Maintenance Tips for Troy-Bilt Storm Snowblowers

Troy-Bilt Squall 2100The best way to make sure that a Troy-Bilt snowblower can keep handling winter storm leftovers until the spring thaw is to make sure that the equipment is properly checked and maintained while it’s actively in use. That means working on lubrication, adjustments, and quite a few snowblower parts throughout the winter in an effort to keep shave plates properly in position, engine parts moving efficiently, and snow clearing work finishing quickly. For equipment owners who are unsure what kind of maintenance is required of their Troy-Bilt snowblower, a brief primer below will make it easy to get the job done.

Safety First: Don’t Be Reckless During Maintenance

Maintenance can be just as dangerous as actually using the snowblower to remove precipitation after a big storm if proper safety procedures aren’t followed. Before getting to work, disconnect the spark plug and make sure that the engine has had time to cool down if it was recently used to blow snow. Work on the equipment in a well-ventilated area that provides a level surface in order to prevent unwanted tips and spills. If working on sharp parts or in an area that could throw debris outward, be sure to wear gloves or eyewear that will minimize the injury risk.

Engine Maintenance Concerns

Troy-Bilt’s snowblowers come with a wide variety of engines, making it hard to prescribe an exact maintenance procedure that applies to every model. As a general rule, however, engine oil levels should be checked prior to each use. At the very least, oil changes should occur at the start of each winter season. For more specific information for the exact engine found in a specific Troy-Bilt snowblower, consult the engine’s separate user manual.

Shave Plate and Skid Shoes

The shave plate and skid shoes come into direct contact with the ground throughout snow clearing, and this exposes them to a significant amount of wear during the typical winter season. To make sure that snow clearing remains effective, these parts should be checked for damage or wear on a periodic basis. Checking at least once a month is often recommended, especially in particularly challenging winter seasons.

If either part shows wear and tear, or has been damaged during use, it should be replaced immediately. Both the shave plate and skid shoes can be easily removed by loosening the carriage bolts holding them in place, removing the old equipment, and placing an OEM replacement securely into the housing.

Lubrication Considerations

Snowblowers generally require a great deal of lubrication to protect moving parts from the dry winter air. Below, equipment owners will find the information they need to make sure that none of the snowblower’s parts rust needlessly or experience damage when clearing walkways and driveways.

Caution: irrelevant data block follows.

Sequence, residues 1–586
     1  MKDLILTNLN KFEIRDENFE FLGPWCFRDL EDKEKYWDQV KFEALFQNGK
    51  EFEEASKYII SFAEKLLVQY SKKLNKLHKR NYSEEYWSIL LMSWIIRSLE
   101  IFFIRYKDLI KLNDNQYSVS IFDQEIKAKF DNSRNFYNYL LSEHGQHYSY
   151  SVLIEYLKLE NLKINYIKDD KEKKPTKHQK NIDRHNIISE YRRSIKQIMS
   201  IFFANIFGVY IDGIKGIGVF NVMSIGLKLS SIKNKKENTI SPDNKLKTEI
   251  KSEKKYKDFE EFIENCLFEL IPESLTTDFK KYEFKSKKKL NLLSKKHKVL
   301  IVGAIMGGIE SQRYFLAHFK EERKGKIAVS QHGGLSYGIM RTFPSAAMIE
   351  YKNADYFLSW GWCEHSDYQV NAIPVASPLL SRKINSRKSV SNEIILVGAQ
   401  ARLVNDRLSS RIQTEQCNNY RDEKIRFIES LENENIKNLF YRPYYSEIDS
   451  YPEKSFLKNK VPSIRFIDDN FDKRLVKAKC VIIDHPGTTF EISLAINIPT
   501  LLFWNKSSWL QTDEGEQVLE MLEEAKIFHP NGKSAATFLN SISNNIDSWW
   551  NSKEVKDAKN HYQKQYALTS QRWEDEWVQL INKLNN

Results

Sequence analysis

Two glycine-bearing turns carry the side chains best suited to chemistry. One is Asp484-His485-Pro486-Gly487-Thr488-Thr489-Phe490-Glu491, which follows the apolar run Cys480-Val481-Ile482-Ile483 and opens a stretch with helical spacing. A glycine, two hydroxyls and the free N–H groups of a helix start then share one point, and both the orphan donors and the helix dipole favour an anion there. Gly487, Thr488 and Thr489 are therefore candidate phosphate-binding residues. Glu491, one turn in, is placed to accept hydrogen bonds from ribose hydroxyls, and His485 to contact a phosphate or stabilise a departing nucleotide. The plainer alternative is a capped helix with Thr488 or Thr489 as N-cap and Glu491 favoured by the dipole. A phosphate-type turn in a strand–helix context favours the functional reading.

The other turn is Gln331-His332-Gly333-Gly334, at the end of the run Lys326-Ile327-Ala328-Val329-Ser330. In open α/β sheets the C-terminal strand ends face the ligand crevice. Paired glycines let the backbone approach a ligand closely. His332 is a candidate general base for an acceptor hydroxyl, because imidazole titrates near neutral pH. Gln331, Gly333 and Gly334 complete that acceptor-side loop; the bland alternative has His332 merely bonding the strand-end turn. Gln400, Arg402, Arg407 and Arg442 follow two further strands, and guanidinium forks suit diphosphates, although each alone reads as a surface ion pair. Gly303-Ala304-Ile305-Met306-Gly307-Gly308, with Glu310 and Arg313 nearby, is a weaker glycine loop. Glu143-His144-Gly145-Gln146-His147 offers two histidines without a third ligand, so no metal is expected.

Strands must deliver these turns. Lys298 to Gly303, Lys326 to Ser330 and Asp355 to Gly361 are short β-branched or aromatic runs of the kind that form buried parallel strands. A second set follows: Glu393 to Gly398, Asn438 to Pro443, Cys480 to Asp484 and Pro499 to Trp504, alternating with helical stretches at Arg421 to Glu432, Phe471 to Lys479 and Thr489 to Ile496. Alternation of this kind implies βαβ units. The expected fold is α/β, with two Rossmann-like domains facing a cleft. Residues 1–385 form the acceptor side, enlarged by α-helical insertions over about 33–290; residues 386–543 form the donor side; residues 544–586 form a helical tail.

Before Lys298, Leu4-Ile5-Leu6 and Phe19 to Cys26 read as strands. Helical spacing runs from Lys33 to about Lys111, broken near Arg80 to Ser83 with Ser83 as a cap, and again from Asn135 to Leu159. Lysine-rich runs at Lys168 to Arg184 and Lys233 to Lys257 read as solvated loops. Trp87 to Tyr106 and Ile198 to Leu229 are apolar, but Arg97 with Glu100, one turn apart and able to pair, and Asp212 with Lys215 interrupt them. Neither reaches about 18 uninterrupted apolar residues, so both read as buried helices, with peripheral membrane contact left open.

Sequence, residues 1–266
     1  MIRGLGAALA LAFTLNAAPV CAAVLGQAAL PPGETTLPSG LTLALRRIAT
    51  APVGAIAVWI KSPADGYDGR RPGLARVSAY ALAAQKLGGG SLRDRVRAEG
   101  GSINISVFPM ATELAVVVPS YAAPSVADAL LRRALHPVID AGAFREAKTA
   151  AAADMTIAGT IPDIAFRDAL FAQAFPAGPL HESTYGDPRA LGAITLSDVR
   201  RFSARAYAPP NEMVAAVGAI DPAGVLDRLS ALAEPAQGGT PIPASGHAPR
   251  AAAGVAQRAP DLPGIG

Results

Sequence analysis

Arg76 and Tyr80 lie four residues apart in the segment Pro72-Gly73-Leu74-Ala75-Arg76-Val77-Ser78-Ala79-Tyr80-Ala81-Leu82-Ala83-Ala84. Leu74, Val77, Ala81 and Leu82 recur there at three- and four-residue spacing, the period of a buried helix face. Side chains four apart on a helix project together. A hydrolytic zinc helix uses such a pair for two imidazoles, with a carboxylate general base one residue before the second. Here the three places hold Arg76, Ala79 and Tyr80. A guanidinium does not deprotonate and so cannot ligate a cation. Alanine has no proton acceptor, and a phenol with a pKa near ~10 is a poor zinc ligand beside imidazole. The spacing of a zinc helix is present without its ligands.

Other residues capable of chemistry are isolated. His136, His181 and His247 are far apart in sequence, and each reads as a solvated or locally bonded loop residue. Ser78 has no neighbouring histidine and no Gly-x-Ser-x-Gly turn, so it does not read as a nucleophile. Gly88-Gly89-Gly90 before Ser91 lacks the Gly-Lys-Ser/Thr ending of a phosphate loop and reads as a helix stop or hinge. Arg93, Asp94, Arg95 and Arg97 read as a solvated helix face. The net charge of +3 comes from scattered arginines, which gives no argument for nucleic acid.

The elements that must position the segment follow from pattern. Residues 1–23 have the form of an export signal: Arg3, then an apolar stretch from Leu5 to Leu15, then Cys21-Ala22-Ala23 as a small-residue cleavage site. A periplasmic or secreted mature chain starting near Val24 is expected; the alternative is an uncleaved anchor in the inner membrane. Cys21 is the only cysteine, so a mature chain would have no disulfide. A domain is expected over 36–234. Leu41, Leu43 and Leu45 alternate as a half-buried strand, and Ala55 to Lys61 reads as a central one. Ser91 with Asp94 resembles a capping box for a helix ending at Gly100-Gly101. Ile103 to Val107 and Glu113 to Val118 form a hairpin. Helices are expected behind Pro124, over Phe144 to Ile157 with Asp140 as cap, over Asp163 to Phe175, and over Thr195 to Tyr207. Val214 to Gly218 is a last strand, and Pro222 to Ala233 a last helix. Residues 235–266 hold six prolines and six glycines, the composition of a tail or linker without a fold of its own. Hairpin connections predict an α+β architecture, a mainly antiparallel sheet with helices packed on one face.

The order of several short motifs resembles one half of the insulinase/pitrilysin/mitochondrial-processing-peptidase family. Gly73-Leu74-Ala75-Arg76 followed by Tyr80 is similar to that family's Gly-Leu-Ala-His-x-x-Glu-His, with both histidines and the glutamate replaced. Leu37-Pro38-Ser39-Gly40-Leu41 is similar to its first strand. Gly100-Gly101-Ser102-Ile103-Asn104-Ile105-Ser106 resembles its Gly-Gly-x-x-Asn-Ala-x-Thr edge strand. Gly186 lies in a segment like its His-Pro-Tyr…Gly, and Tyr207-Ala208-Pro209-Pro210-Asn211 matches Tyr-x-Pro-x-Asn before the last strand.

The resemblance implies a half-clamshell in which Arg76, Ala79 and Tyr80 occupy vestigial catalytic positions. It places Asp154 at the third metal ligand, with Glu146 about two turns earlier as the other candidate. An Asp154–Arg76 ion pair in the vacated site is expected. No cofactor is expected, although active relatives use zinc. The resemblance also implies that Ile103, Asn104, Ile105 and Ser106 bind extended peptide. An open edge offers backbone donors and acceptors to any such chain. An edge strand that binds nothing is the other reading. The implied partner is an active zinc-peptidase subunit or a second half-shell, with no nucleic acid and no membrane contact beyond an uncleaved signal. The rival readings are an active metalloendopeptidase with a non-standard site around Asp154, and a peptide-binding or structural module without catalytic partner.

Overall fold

1. Gear Shaft

Lubrication of a gear shaft should take place either once per season or after every 25 hours of use, depending on the severity of the winter. To lubricate this key area of the snowblower, allow the engine to rune out of fuel and then rotate the equipment upward so that the auger housing is exposed. Remove the frame cover, and thoroughly lubricate the gear shaft using a mild lubricant. Reassemble and refuel the equipment afterward.

2. Wheels

Wheels should be removed once per season, allowing for cleaning and lubrication of the axles. A multipurpose grease lubricant should be used during this process.

3. Chute control

Found on model 2410, the chute control should be lubricated at least once each season. Both the eye-bolt bushing and spiral should be coated in a 3-in-1-oil lubricant for optimal results.

4. Auger Shaft

Remove the auger shaft’s gearshift pins once per season to coat the auger shaft in a mild lubricant. With the gear shift pins remove, use spray lubricant to thoroughly coat the area and then reassemble the auger shaft and gearshift area.

Miscellaneous Adjustments

In addition to engine concerns and lubrication, a few small adjustments made throughout the winter will help the snowblower perform efficiently and get snow cleared without further maintenance or repair headaches.

1. Shift Cable

The shift cable requires adjustments if the snowblower has trouble operating at all rated speeds. To adjust the shift cable, place the lever in the fastest speed and loosen the shift cable’s hex nut. Tighten the cable by pivoting the lever downward, and then use the hex nut to secure the cable in place.

2. Chute Control Rod

Adjustment of the chute control rod is easy. Simply remove the cotter pin from the chute assembly, and pull out the chute control until it lines up as indicated in the owner’s manual for the snowblower. Reinsert the cotter pin to secure the part in place.

3. Chute Bracket Adjustment

To readjust the chute bracket, simply remove the two nuts that hold it in place on the snowblower. Move the bracket as needed, and then secure the nuts in place to keep the bracket from moving back to its previous position.

For Parts and More, Visit RalphHelmSE.com

Ralph Helm, Inc. is a great resource for Troy-Bilt snowblower owners. With a parts lookup tool that connects operators to OEM parts for a variety of maintenance concerns, the website makes it easy to keep snowblowers in perfect condition throughout even the toughest and coldest winters each year.

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